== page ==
I wrote a blog post last week about the current Privacy Theater in the US, where the government is simultaneously pushing stricter privacy regulations and huge backdoors that would completely undermine privacy. The backdoors come in the form of the Cyber Intelligence Sharing and Protection Act or CISPA. The folks at Lumin Consulting have put together a good infographic that illustrates how CISPA undermines privacy:
I am actually sympathetic to the basic idea behind CISPA, which is to make it easier to share incident data as a way to identify and protect against attacks. But the way that CISPA goes about it is wrong on two important levels. First, it would stuff the incident information into the existing agency and vendor world instead of making it widely available on the Internet. Wide availability would let researchers, hobbyists and new vendors all work on improving security. In other words it would enable the Internet to help protect the Internet.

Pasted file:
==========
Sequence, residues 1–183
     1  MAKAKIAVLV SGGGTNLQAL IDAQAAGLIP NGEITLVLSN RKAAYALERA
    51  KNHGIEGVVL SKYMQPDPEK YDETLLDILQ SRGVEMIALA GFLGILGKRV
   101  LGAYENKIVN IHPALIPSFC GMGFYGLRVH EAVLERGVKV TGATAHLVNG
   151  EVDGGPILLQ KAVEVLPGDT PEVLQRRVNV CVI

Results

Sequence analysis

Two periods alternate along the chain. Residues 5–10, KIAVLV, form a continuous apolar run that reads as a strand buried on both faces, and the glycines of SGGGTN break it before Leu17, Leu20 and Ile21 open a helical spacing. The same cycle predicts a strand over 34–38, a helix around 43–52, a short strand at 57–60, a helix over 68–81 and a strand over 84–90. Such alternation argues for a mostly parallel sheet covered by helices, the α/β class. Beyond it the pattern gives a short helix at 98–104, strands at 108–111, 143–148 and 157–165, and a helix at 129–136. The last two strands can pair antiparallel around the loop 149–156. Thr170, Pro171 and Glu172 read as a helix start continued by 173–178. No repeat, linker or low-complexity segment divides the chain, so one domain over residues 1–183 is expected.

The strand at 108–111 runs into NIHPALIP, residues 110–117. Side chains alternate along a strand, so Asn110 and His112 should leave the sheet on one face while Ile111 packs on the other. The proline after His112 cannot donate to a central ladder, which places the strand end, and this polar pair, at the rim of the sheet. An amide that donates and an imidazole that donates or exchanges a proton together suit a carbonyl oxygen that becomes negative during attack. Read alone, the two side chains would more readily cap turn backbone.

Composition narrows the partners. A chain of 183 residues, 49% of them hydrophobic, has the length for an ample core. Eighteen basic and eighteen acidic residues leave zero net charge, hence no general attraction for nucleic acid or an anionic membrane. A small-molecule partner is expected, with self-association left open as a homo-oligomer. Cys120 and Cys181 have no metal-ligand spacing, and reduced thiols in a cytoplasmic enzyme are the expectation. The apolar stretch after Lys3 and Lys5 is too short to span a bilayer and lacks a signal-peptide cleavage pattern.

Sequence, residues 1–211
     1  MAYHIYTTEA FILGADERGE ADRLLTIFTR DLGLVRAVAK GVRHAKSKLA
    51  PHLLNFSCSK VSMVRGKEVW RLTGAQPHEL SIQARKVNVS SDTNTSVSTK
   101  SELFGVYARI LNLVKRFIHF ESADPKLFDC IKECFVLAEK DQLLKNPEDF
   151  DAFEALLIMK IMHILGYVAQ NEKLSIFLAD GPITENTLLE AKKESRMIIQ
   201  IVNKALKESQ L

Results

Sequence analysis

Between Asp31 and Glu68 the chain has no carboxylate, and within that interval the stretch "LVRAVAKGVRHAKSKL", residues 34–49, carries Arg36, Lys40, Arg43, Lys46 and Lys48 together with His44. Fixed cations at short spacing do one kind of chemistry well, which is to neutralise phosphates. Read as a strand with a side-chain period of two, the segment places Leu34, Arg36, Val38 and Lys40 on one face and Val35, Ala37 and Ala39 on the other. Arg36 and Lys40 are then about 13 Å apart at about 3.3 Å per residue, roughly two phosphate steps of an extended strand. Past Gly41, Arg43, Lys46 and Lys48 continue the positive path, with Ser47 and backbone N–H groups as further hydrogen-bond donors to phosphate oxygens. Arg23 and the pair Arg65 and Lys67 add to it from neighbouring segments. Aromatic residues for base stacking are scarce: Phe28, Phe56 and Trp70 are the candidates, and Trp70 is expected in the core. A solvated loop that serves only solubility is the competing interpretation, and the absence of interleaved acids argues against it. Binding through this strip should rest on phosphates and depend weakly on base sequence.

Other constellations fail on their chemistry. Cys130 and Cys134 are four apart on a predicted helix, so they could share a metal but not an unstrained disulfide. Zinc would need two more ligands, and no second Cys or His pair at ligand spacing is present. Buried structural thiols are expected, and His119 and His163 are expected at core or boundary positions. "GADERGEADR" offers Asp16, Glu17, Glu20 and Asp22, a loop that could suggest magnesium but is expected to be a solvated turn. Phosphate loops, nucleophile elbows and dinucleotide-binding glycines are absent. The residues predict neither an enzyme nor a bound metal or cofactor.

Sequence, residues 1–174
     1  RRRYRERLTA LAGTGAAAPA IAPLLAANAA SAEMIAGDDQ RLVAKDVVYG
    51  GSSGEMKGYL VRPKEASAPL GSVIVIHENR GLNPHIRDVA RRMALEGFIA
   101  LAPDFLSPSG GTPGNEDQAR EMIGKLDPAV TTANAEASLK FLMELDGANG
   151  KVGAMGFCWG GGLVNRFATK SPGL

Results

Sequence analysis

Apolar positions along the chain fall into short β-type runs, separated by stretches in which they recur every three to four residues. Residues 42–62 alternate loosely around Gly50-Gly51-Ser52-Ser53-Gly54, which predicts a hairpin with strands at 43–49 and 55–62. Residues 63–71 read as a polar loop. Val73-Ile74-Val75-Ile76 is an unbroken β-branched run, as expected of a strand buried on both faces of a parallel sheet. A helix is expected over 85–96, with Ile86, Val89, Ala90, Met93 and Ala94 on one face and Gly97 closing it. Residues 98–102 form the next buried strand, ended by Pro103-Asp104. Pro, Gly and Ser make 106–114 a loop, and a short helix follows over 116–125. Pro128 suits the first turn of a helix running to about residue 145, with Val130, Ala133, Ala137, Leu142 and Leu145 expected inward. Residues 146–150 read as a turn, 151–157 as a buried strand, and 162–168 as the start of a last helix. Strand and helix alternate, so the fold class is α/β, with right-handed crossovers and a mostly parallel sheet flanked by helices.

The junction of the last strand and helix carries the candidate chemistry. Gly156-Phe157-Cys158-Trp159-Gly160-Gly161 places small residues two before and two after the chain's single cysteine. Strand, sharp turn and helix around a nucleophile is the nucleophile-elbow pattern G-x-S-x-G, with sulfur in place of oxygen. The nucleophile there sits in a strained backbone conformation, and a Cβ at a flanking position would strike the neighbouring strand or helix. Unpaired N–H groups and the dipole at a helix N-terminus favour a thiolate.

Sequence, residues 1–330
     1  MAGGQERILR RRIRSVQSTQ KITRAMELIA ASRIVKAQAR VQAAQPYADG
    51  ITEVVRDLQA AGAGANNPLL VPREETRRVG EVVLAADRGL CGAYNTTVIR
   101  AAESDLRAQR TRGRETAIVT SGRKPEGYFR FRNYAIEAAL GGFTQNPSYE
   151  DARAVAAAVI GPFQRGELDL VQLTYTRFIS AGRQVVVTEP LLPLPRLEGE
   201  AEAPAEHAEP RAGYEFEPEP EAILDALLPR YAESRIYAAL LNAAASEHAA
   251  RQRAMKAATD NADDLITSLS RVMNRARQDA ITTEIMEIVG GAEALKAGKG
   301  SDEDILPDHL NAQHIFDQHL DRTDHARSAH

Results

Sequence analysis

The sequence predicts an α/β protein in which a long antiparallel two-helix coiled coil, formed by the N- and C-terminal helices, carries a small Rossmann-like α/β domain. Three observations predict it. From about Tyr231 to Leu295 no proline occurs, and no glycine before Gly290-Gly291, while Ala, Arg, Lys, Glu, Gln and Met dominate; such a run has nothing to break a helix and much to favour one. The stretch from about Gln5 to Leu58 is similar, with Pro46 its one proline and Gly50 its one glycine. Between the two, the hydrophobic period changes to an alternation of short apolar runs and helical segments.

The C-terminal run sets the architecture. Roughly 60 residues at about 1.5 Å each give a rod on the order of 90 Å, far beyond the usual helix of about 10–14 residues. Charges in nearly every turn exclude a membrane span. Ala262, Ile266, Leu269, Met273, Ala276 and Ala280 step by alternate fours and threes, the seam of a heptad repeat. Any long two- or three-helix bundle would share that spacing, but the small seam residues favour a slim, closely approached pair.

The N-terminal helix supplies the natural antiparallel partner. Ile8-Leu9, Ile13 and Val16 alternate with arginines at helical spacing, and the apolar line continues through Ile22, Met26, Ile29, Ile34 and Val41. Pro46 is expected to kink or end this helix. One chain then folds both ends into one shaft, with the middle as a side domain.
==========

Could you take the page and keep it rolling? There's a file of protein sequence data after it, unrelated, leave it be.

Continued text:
The second big mistake in CISPA is that it uses broad language when what we need is a tight and well specified sharing protocol. I am not suggesting that such a protocol can be devised to cover all types of attacks and attack related information but rather that by starting with something tight we can go from no public data to a lot of public data. For instance, reporting IPs involved in DDOS attacks would be a great and very precise starting point. The way the government can help here is by helping to define the reporting standard and starting small instead of shooting for some all encompassing solution.